Tuesday, April 1, 2008
What's on Your Shelf?
The New York Times Book Review ran a highly entertaining article last weekend about how much (or little) your book collection defines you in the eyes of others. There were parts of this article that were so obviously, occasionally embarrassingly, true for me (like not being able to date an Ayn Rand lover, chuckle chuckle) that I was alternately cringing and nodding my head in agreement the entire time I read it.
To this day, I find it impossible to resist trying to see what everyone on the subway is reading, though I'm not really sure what this knowledge of the reading habits of strangers accomplishes. I guess I occasionally get a feeling of superiority that last about .2 seconds, though usually it just makes me depressed that there are so many great and entertaining books out there and at least half of the books you see belong to J.K. Rowling or James Patterson. A depressing thought that I'll put off elaborating on until another post (lucky you).
I mean, you can call it snobbery, but a big part of why people like me can't help but judge other people's choices is simply that we really, really love books. We often work with them in some capacity (I'm an extreme case: I was a bookstore employee for many years before I was in publishing and even worked in a bookstore cafe in high school) and have a vested interest in seeing books treated with the same level of love and obsession that we have for them. I care about books the way that more wiser, more compassionate people care about, say, Darfur.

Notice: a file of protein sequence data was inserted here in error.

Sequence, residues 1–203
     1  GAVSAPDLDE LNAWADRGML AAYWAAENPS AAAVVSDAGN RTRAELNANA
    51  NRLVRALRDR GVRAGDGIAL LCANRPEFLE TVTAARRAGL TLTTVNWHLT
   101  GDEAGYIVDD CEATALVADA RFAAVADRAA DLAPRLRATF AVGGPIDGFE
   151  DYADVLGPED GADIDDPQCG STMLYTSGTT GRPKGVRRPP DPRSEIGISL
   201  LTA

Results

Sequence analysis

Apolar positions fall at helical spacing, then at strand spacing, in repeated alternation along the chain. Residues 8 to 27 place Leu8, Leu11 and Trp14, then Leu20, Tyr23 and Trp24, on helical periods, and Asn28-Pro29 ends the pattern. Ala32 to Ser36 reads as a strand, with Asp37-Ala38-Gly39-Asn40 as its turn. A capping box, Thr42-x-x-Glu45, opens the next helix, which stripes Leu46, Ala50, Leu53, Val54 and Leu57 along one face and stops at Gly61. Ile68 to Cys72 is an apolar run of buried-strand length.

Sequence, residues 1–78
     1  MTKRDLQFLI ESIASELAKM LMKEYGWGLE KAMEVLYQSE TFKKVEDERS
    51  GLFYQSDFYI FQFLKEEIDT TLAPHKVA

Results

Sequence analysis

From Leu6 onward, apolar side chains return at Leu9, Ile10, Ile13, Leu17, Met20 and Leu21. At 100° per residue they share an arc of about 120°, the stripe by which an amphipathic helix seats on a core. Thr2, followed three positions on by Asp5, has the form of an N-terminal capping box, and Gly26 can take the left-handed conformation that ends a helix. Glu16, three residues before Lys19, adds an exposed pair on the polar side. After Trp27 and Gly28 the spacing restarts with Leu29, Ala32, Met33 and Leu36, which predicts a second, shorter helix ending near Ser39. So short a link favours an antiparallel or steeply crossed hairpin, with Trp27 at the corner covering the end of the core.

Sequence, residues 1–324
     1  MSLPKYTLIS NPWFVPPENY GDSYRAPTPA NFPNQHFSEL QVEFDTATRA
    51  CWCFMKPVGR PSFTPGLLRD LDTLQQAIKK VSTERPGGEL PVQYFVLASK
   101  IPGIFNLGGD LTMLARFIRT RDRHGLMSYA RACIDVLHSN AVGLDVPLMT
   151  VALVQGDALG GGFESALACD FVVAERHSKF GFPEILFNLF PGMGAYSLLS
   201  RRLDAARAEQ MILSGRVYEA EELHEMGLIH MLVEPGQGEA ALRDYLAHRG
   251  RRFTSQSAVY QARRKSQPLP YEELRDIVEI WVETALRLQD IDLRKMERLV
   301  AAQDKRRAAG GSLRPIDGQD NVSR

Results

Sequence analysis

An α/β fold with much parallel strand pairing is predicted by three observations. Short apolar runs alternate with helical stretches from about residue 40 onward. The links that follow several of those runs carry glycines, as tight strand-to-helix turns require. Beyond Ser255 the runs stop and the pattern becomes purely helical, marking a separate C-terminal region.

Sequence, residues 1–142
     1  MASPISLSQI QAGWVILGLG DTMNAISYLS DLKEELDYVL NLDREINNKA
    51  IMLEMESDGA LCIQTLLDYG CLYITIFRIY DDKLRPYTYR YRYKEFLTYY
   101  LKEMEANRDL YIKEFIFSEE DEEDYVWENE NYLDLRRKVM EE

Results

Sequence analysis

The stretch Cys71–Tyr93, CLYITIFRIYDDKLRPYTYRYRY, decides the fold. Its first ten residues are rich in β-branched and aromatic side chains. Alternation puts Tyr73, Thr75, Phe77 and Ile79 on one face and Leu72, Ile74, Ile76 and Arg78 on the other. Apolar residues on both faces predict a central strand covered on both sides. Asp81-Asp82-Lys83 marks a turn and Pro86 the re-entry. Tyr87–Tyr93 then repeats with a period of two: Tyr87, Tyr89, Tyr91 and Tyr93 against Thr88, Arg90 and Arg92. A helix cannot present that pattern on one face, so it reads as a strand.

Although I used to think this was a pretty common point-of-view, this essay has forced me to consider that others (even other book lovers) may not feel quite so strongly. I don't want to be, after all, one of those High Fidelity you-are-what-you-like types and I don't think that I am about most things. I could date someone that watches American Idol. I could marry someone that loves country music. But I just don't know that I have it in me to date someone with a terrible/nonexistent taste in books.
Anyway, point being: I invest books with a lot of value and expect others (or, at least significant others) to do the same. I love movies, I love music, but I don't invest them with nearly the same level of value and I thus don't really care as much if my opinion differs with someone.
I guess in the end you choose what it is that you want to infuse with value. People might think that I infuse books with too much of it, but there are countless things that people care a hell of a lot about that I don't really understand. Doesn't, for example, this get at the same values and lifestyle choices that would make a person that values healthy eating and living want to stay away from an unkempt, picky eater like me? Like Sloane Crosley's quote near the end of the essay says:
“If you’re a person who loves Alice Munro and you’re going out with someone whose favorite book is ‘The Da Vinci Code,’ perhaps the flags of incompatibility were there prior to the big reveal.”
UPDATE: I just noticed that my friend Stephanie posted her take on this article yesterday-check it out.